As we were making our way up to the ancient road we had a visit from three local gents on motorbikes who were looking for ‘two foreigners heading up the mountain’. It turns out we needed a permit to travel through the nature reserve. Unfortunately we didn’t have one, but after a few phone calls it was all settled and one of the nature reserve officers went back down to Baihualing to bring up the paperwork. It was actually quite a productive meeting as we were able to engage them in a lengthy discussion about the challenges facing the nature reserve in dealing with the habits of the local population and the incoming groups of Chinese hikers. The nature reserve office is very understaffed and stretched to the max in attempting to deal with all of its responsibilities. We made a small donation – for which I have a receipt! – and continued on our way. The entire area of the nature reserve has been put aside for the development of ecotourism, although not much seems to have been done thus far on developing the necessary infrastructure. The nature reserve is indeed abundant in wildlife, including bears, red pandas, wild cattle, and so on. The only wildlife you are likely to see, however, are the birds and monkeys. We saw two monkeys, one on the west side and the other on the eastern side.
When we finally made it to the ancient road we were very impressed. The road is in very good condition all the way from our starting point to the nature reserve office on the other side of the range (approximately 20 kilometres). It consists mainly of stone pavement with steps and a number of small bridges and one very impressive stone arch bridge. Just next to the bridge – Yongding Bridge – is a small stone hut which is probably the site of an old caravan camp considering that the river is the last source of water until you reach the camp just below the pass. After crossing the bridge the road begins a steep and long climb to the 3,200 metre pass. We made the climb within several hours and I was for one very happy to see the Southern Zhai Gong House appear ahead amongst the trees just as the sunlight was beginning to deminish.
It’s quite inspiring to spend the night on the site of such an historic spot along the ancient road linking Southwest China with Southeast Asia and India. In the old days the site was probably quite busy with many caravans making their way over the range carrying loads of tea, silk and other precious commodities traveling from the Chinese side. Coming the other way jade would have been a very precious item, along with more modern commodities during recent times when the British occupied Burma (as was explained by our informants in the merchant village of Heshun, which will be discussed in a future blogpost). We were the only visitors that evening.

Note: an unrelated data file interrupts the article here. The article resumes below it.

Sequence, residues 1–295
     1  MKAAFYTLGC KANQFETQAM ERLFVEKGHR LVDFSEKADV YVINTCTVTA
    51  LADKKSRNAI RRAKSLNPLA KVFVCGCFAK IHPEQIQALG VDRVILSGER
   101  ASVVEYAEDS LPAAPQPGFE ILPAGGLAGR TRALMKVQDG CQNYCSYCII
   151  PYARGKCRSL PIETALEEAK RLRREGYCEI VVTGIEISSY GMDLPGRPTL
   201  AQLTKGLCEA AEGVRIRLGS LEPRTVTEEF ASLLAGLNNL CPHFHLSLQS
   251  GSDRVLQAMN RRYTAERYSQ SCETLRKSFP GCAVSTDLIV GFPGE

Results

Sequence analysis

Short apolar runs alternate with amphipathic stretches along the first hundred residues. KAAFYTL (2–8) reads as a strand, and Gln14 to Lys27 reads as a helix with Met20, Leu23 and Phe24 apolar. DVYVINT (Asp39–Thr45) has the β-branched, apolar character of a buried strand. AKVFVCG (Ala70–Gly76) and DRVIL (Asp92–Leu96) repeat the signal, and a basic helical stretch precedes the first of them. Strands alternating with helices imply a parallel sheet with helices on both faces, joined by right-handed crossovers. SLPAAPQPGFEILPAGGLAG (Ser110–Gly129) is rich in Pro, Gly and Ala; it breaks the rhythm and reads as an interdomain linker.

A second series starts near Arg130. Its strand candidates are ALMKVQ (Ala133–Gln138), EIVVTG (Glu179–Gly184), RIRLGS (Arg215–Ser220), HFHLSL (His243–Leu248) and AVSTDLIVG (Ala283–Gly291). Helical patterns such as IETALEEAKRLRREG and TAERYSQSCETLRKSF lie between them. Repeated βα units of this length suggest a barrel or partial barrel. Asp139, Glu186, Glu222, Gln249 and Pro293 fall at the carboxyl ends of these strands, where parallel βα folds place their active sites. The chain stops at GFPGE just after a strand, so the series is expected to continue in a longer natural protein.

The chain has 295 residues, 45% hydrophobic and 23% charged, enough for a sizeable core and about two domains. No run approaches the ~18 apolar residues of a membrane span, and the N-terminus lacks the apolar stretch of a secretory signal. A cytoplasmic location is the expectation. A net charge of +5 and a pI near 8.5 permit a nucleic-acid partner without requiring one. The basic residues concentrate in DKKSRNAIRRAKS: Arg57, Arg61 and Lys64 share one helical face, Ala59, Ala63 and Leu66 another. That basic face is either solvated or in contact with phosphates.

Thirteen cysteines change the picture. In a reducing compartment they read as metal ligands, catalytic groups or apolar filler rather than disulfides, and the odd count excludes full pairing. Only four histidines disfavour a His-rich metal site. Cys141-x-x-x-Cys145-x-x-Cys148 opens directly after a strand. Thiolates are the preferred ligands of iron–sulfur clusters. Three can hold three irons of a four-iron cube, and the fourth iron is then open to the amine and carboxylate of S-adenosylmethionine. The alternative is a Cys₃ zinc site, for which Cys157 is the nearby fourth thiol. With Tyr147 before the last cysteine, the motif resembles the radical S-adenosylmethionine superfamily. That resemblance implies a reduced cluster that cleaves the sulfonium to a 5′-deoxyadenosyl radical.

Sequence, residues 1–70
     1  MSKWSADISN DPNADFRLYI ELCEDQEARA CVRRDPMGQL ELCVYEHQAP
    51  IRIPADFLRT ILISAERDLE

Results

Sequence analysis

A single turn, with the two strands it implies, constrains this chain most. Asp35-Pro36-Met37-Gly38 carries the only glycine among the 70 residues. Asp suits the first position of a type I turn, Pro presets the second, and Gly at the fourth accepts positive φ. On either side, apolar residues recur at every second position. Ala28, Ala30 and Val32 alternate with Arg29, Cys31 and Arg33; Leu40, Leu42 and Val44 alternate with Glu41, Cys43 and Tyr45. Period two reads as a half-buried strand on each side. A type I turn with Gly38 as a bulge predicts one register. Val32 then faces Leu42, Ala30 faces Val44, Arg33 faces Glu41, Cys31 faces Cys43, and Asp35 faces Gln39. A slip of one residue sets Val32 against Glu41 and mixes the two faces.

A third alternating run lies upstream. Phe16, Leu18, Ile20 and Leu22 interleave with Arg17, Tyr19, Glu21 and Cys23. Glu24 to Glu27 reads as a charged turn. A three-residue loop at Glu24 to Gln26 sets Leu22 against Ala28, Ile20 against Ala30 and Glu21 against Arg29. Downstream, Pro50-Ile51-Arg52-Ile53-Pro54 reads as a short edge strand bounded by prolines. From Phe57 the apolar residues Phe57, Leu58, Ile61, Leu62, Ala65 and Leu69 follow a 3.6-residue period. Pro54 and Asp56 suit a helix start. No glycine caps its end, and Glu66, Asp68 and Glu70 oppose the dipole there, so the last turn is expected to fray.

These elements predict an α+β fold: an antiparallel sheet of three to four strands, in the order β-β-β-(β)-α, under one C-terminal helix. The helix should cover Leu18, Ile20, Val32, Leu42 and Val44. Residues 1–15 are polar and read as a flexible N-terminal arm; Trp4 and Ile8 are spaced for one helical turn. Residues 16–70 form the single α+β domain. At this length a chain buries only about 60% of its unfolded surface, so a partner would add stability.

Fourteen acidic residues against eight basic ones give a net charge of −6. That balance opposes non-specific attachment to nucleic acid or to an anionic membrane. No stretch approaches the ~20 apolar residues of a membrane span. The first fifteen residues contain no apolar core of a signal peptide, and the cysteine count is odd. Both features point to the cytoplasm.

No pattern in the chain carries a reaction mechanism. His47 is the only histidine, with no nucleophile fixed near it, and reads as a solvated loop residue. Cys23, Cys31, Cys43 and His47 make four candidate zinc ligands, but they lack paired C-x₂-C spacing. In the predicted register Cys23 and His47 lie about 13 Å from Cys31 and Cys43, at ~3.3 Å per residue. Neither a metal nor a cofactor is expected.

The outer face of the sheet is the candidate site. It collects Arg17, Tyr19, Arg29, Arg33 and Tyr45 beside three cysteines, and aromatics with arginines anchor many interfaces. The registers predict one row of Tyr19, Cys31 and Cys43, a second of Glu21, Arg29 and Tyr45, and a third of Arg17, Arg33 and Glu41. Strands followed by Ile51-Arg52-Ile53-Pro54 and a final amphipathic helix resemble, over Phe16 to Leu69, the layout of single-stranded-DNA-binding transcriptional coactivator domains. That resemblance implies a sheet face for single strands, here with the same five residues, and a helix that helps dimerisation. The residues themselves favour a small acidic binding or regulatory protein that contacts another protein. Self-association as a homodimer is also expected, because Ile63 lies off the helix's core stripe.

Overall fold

On the Tengchong side of the range after making our descent down the ancient road through a deep gorge (staggeringly beautiful, but a lot of steps, my god …) we came out at the Tengchong side of the nature reserve station (Linjiapu/林家铺). The nature reserve workers were very friendly, offered us a cup of tea (of course!) and a chin wag. We showed them our paperwork (all in good order thanks to the intervention the previous day). We were informed that they get approximately 1,000 hikers on the trail per year (we had to sign a register before we left), mostly from within China but also a handful from foreign countries. They told us it was still eight kilometres to the staging post village of Jiangju (江苴) (Jiangju or Jiangzuo? The locals prefer the latter although my dictionary only displays the former ) and, for a small fee, kindly agreed to take us there. They also gave us a personal guided tour of the old ‘main street’ of Jiangju and introduced us to some local officials, good for future reference and return visits.
In the days of the trading caravan when the ancient road witnessed a lot of traffic Jiangju was a prosperous and busy staging post. Given that it is now relatively isolated it has not undergone any major reconstruction. It was also the local command base for the Chinese army in its battle against the occupying Japanese Imperial Army (1942-1944). There is an impressive display of old shop fronts, stables (马健), houses/inns, but unfortunately much in poor condition. No doubt they will be looking for investment, possibly an external investor/partnership as is the case in Heshun (to be discussed in separate blogpost) and in many historic old towns across China that have become tourist attractions/theme parks.
To be continued …